The late payments epidemic still marches on in the United Kingdom, with new stats coming out through headlines at a seemingly steady rate. In the U.K., small businesses (SMBs) are facing a total “bill” of as much as £6.7 billion (nearly $8.43 billion USD), a cost of collections that is up from an estimated £2.6 billion last year, as reported in the Financial Times (FT).
According to Bacs Payment Schemes, which is part of Pay.UK, the collection efforts come as firms look to collect on the £13 billion in late payments outstanding to the 5.7 million SMBs that operate in the U.K.
More than one-third of companies have been waiting more than two months beyond the stated and agreed upon payment terms, and that tally is up from roughly 20 percent last year. These firms are defined as having fewer than 250 people on staff. The total number of firms that are seeing late payments in general now stands at 43 percent, up from 37 percent last year. As has been noted, statistics from the Federation of Small Businesses (FSB) estimated that late payments have caused as many as 50,000 business failures annually, with an economic cost coming in at £2.4 billion.
The FT noted that ministers created a government position last year known as the “small business commissioner,” which has helped recover about £2.1 million in unpaid invoices.
Separately, but also in the U.K., Nucleus Commercial Finance estimated that the closure of many debtors through the Christmas season will hurt roughly one-third of SMBs in the country, as reported by LondonlovesBusiness, noted as a “seasonal financial challenge.” Roughly one-third of businesses are in the midst of trying to satisfy the late payments that are owed.
Chirag Shah, CEO of Nucleus Commercial Finance, said, “We know that the issue of late payments is a challenge faced by too many [SMBs] every day. However, the extended closure of so many businesses over the festive period worsens the problem, and for some businesses, puts them into real financial difficulty whilst they wait for debtors to reopen and settle their bills. Businesses can take action now by speaking to their debtors and encouraging them to settle their bills before they close for Christmas. As a longer-term solution, we look forward to an update from [the] government on the Prompt Payment Code that is underway.”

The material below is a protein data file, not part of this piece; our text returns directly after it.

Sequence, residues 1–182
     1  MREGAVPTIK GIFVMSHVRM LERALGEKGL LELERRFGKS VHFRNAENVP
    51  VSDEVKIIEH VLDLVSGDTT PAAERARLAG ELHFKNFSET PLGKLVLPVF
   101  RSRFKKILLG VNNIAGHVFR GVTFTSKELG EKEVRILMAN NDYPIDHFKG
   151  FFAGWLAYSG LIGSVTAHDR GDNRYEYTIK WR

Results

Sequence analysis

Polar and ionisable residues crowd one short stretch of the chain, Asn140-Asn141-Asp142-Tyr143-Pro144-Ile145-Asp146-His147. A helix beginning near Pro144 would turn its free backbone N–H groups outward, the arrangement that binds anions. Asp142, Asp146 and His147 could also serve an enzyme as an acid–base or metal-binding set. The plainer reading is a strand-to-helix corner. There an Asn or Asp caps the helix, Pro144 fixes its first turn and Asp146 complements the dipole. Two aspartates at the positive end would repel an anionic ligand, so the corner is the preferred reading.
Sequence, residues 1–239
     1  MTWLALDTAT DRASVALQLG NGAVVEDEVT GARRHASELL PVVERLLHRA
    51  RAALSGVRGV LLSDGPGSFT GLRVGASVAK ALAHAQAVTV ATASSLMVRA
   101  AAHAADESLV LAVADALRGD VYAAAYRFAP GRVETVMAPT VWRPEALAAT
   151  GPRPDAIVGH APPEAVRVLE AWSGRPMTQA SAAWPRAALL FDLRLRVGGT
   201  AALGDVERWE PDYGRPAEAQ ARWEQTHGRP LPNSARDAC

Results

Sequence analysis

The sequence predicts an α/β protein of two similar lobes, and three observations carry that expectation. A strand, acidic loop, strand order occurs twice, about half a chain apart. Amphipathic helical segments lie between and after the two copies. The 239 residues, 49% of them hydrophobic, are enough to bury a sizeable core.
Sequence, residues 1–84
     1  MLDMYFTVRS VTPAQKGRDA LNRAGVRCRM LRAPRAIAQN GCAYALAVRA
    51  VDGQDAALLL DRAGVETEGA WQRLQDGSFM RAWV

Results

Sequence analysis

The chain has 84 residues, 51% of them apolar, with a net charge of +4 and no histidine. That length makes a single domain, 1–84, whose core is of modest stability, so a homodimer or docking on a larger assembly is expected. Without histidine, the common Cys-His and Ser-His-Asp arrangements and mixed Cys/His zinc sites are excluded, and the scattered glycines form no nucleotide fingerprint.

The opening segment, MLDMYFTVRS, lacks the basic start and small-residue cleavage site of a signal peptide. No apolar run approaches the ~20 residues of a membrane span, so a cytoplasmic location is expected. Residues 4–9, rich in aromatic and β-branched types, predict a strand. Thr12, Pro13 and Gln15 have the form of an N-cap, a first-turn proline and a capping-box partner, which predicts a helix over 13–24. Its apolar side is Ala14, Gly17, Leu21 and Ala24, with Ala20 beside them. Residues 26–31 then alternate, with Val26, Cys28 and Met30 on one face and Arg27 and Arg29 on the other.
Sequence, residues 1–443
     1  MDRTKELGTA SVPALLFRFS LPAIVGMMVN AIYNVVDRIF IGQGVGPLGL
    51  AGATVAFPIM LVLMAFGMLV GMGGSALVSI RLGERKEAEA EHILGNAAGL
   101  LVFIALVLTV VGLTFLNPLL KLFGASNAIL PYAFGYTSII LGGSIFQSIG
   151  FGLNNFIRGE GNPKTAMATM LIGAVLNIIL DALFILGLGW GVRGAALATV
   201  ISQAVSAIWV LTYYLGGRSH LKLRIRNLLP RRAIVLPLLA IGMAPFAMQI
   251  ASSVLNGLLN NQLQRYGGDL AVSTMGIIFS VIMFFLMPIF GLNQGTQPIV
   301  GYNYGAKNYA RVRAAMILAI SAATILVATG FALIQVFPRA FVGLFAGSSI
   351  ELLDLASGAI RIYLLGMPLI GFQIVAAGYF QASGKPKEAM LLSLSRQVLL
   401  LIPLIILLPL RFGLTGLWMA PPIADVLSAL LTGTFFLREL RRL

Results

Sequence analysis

In terms of individual company news, GlaxoSmithKline (GSK) has admitted to late payments to hundreds of small suppliers — an admission that comes nine years after the company had committed to a “fast payments” code. The late payments have hit suppliers that have now been moved to 30-day terms, after terms had been stretched to 90 days, in at least some cases. However, some suppliers “fear asking for faster payments in case their contracts are terminated,” according to This is MONEY.
GSK said that, since 2012, any supplier that has asked for reduced payment times has been switched over to the aforementioned 30-day terms.
Mike Cherry, national chairman of the FSB, said, “The power still remains in the hands of big business, with some using their dominant position to bully and squeeze suppliers to make their own balance sheets look healthier.”